The body conscious way of dressing was first championed by eighties’ fashion powerhouse Azzedine Alalia. A repertoire of looks electrifying high street fashion was prompted by Azzedine Alaia, in Figure 1 (thehoegoddess.com) , who was entitled the “King of Cling” in the 1980s by the fashion press. His designs were well known to be a spectacle of the female body. Alaia's clothes captured the spirit of the times when many women indulged in physical activities and fashion magazines began to showcase muscled bodied models. As many women wanted to parade their newly toned bodies, designers began to create clothing to emphasize the female form that was revolutionary to European fashion. His concern for sculptural and sensual designs in his clothes is a clear insight to his formal training in the fine arts (Daryl F. Mallett, 2008).
Political and economical conditions in the 1980s triggered international scrutiny of equality of sexes as a moral goal when Margaret Thatcher became the first female Prime Minister of England in 1979. Colleen Hill (2008) said during his curation at the Museum of FIT, “By the 1980s, attitudes toward the display of a woman’s body had shifted dramatically”. Akiko Fukai (2002, pp.513) observes the commencement of the body-conscious movement, “Women, suddenly active in the world of professional business and interested in keeping their bodies physically toned, wore a style called “Power dressing” which simultaneously promoted an image of powerful authority and a soupcon of sexualized femininity”. This upcoming trend saw the return of body-conscious fashion as observed in the 1960s through Azzedine Alaia’s pioneering use of revolutionary stretch materials like lycra, spandex, jersey knits and viscose in the 1980s (Akiko Fukai, 2002). His body embracing garments that fit like a second skin (Encyclopedia, 2010) were a nonpareil representation of the body conscious decade. Suzy Menkes (1991) in her article said that Alaia’s research into materials and the way he handles them makes his customers follow him faithfully. He used stretch laceover flesh colored fabric to give a false impression of nudity. Linda Watson (2004, pp.152) says while analyzing 20th century fashion, “Alaia’s underlying principle is that women should celebrate their undulations- one good reason why he returns to pliable textures, such as leather and rayon jersey, time and time again”. Francois Baudot (1996, pp. 13) says in his book on Alaia, “In his designs Alaia eschews all incidental detail, that old adversary of elegance”. Alaia used neutral colors like beige, black, navy and pastels in his garments and displays them without any adornment of jewelry. His clothes focus on a woman’s body as for him ‘the base of all fashion is the body’.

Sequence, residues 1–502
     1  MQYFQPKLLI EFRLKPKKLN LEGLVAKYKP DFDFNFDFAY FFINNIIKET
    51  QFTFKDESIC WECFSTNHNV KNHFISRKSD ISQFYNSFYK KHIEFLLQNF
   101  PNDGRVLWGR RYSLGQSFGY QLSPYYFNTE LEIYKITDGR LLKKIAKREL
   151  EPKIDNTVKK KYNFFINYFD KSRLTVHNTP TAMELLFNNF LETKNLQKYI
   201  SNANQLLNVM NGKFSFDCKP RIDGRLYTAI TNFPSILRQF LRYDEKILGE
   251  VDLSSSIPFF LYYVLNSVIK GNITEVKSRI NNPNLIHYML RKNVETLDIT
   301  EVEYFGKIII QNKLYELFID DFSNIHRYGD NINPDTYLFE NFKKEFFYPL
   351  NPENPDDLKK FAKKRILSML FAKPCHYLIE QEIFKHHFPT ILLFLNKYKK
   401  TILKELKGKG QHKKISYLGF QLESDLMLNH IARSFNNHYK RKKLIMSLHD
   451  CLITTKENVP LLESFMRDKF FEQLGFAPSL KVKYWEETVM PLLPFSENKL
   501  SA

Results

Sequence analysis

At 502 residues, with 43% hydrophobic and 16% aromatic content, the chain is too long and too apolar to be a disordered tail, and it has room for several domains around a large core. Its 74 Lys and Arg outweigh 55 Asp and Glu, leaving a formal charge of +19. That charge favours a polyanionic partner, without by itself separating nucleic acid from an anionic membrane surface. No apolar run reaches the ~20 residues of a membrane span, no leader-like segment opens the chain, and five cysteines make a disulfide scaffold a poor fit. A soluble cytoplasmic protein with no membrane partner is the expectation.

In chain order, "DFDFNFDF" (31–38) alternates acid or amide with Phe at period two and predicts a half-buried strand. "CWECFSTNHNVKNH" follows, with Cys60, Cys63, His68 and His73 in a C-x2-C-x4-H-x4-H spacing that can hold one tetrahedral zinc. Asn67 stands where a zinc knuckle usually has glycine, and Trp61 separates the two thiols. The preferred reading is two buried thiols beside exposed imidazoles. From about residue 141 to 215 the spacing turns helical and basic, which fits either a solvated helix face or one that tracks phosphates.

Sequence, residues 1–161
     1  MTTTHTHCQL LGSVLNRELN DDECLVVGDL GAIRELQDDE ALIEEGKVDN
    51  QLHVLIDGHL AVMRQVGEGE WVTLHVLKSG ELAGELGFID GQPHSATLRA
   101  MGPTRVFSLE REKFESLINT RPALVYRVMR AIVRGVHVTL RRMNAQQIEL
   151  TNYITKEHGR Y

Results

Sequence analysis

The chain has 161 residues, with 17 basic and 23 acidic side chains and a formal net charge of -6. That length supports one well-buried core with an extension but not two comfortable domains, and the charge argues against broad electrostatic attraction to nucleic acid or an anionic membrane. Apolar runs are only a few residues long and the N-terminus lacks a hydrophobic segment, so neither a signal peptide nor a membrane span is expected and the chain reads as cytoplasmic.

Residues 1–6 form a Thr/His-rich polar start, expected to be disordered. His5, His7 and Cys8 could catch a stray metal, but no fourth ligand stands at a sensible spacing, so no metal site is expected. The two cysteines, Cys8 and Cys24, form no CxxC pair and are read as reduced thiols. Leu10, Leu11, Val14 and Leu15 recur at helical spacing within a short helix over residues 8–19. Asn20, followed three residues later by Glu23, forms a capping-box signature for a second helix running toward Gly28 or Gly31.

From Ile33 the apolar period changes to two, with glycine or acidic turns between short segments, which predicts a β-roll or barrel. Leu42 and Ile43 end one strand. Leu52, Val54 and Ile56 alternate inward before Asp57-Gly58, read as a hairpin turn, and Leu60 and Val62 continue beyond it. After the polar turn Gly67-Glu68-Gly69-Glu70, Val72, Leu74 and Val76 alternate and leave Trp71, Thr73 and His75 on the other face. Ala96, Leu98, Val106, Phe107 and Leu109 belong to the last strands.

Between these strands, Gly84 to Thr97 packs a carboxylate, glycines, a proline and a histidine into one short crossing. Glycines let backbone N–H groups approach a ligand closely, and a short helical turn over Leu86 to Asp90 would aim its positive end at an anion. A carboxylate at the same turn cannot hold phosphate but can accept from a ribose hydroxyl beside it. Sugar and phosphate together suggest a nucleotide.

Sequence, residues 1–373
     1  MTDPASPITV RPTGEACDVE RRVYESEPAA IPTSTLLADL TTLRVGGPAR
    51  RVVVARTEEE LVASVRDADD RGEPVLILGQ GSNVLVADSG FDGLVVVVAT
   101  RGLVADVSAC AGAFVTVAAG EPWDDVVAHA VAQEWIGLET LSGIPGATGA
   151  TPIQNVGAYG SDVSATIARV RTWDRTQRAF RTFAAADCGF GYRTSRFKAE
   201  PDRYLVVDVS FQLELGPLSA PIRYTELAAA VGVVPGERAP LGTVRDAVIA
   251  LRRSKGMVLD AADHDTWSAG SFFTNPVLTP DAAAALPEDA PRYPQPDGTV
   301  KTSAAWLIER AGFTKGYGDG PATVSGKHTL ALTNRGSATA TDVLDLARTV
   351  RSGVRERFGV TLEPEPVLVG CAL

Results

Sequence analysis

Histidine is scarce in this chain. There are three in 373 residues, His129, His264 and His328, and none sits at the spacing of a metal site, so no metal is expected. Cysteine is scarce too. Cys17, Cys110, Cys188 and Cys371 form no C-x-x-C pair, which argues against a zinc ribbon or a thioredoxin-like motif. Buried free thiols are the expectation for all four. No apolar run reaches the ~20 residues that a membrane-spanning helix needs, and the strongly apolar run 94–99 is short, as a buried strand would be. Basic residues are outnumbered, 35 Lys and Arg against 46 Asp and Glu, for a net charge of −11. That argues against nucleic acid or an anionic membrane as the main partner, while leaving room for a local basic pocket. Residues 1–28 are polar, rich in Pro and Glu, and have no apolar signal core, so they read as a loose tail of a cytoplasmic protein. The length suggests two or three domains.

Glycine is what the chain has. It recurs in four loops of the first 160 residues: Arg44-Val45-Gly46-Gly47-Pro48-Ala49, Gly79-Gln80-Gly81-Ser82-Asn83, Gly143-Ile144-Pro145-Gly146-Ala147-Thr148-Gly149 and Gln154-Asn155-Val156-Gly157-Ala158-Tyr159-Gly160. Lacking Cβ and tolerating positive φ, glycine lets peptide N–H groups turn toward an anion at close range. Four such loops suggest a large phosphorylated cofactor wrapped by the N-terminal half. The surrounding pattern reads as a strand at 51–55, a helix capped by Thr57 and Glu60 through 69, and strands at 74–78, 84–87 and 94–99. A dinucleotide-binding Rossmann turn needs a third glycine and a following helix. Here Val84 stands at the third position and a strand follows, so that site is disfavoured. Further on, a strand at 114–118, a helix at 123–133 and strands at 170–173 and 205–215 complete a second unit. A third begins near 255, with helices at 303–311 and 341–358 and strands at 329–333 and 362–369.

In order to accomplish a faultless fit for his clothes, Alaia amalgamated production principles used in corsetry, which in turn restrained the body, yet preserved the shape and highlighted the contours of the body (Daryl F. Mallett). Greda Buxbaum (1999, pp.125) says of Alaia’s work, “It didn’t matter that his dresses were specifically built around supermodel’s bodies: ‘It is mystery, not nakedness, that counts. We are becoming more and more physically and mentally conditioned towards healthy living; the molding of clothes should reflect this’ “. Francois Baudot ( 1996, pp.13) observes, “While following the body’s slightest movements, it still manages to retain its original shape. In this way a woman, as a living sculpture, embodies the synthesis of Alaia’s two vocations as a sculptor and fashion designer”.
He created the stretch cult object par excellence in 1985. A creation made for singer Grace Jones to wear to the fashion Oscars has been shown in Figure 2 (Francois Baudot, 1996, pp.32) which is a latex dress whose sides are tied up. This dress had earned him the title “King of Cling” (Greda Buxbaum, 1999, pp.140). In the late 1980s, Alaia made a...
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